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Malware Defense History

by Dr. Nikolai Bezroukov.

Copyright: Dr. Nikolai Bezroukov 1994-2013. Unpublished notes. Version 0.80.October, 2013

Contents : Foreword : Ch01 : Ch02 : Ch03  : Ch04 : Ch05 : Ch06 : Ch07 : Ch08 : Ch09 : Ch10 : Ch11 : Ch12 : Ch13


Chapter 6: Mail Worms

Beagle Worm

Beagle is a mass-mailing worm that will only work until 28th of January. This worm will insert several files and registry keys on the system. It will also access remote websites, and email all contacts it can find. The emails sent by this worm will have the following characteristics:

Subject: Hi
Message:
Test =)
<Random characters>
--
Test, yep.
Filename: <Random>.exe
Filesize: 16Kbytes
 

Also Known As: I-Worm.Bagle [Kaspersky], WORM_BAGLE.A [Trend]
 
Type: Worm
Infection Length: 16 Kbytes
 
 
 
Systems Affected: Windows 2000, Windows 95, Windows 98, Windows Me, Windows NT, Windows Server 2003, Windows XP
Systems Not Affected: DOS, Linux, Macintosh, Microsoft IIS, OS/2, UNIX, Windows 3.x
 
 
 
  • Virus Definitions (Intelligent Updater) *
  • January 18, 2004

  • Virus Definitions (LiveUpdate™) **
  • January 18, 2004

    *

    Intelligent Updater definitions are released daily, but require manual download and installation.
    Click here to download manually.

    **

    LiveUpdate virus definitions are usually released every Wednesday.
    Click here for instructions on using LiveUpdate.

    Wild:

    Threat Metrics

    Damage

    Distribution


    When W32.Beagle.A@mm is executed, it will do the following.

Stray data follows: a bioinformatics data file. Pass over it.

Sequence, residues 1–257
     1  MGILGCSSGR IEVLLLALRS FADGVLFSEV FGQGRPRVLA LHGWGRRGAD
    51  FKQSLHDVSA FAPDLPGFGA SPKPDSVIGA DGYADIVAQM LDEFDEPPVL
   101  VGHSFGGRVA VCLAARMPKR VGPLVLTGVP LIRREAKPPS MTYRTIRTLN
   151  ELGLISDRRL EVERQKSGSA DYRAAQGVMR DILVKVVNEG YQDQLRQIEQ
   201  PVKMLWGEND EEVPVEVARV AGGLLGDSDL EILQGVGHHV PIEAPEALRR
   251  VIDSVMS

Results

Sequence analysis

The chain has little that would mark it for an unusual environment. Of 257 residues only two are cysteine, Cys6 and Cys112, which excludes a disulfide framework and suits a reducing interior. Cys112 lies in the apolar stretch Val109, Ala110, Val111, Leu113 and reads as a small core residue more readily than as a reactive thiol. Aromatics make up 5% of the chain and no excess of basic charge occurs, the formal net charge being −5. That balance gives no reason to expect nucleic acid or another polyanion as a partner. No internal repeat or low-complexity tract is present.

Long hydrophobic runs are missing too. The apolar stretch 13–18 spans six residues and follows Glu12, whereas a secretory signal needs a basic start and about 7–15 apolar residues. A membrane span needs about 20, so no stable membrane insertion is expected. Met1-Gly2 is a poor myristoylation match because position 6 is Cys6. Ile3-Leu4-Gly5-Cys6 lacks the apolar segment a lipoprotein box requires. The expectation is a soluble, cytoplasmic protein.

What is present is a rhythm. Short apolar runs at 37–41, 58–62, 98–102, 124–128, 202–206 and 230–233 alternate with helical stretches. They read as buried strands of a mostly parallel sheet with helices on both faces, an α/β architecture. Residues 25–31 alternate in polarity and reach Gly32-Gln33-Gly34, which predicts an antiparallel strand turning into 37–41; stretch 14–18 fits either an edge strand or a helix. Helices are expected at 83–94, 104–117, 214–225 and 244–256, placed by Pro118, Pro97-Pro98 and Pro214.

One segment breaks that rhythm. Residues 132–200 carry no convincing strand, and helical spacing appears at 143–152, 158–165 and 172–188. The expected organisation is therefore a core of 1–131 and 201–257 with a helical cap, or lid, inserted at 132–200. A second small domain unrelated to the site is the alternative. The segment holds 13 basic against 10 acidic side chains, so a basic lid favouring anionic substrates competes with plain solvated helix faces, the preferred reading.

1. Check if the date on the system is later then Jan 28th, 2004. If so, do not do anything.

       
    2. Insert the file %system%\bbeagle.exe
       

      Note: %System% is a variable. The worm locates the System folder and copies itself to that location. By default, this is C:\Windows\System (Windows 95/98/Me), C:\Winnt\System32 (Windows NT/2000), or C:\Windows\System32 (Windows XP).


       

    3. Launch calc.exe.

       
    4. Create the following registry keys:

      HKEY_CURRENT_USER\Software\Microsoft\Windows\CurrentVersion\Run, "d3update.exe" = "%system%\bbeagle.exe"
      HKEY_CURRENT_USER\Software\Windows98, "uid" = "[Random Value]"
      HKEY_CURRENT_USER\Software\Windows98, "frun" = "1"

       
    5. Scan the system for all files with the extensions .wab, .txt, .htm and .html. Find email addresses in these files, and email the worm to all found contacts. The email will have the following characteristics:

      Subject: Hi

      Message:

      Test =)
      <Random characters>
      --
      Test, yep.

      Filename: <Random>.exe

      Filesize: 16Kbytes
       
    6. Access a website from a static list in the body of the worm. On the website, access a script called 1.php. At the time of writing it was not possible to access any of the scripts, although this can change at any time. It is unclear what exactly the scripts are used for, but it is possible that they are used to track infected users.

    Symantec Security Response encourages all users and administrators to adhere to the following basic security "best practices":

    removal instructions

    The following instructions pertain to all current and recent Symantec antivirus products, including the Symantec AntiVirus and Norton AntiVirus product lines: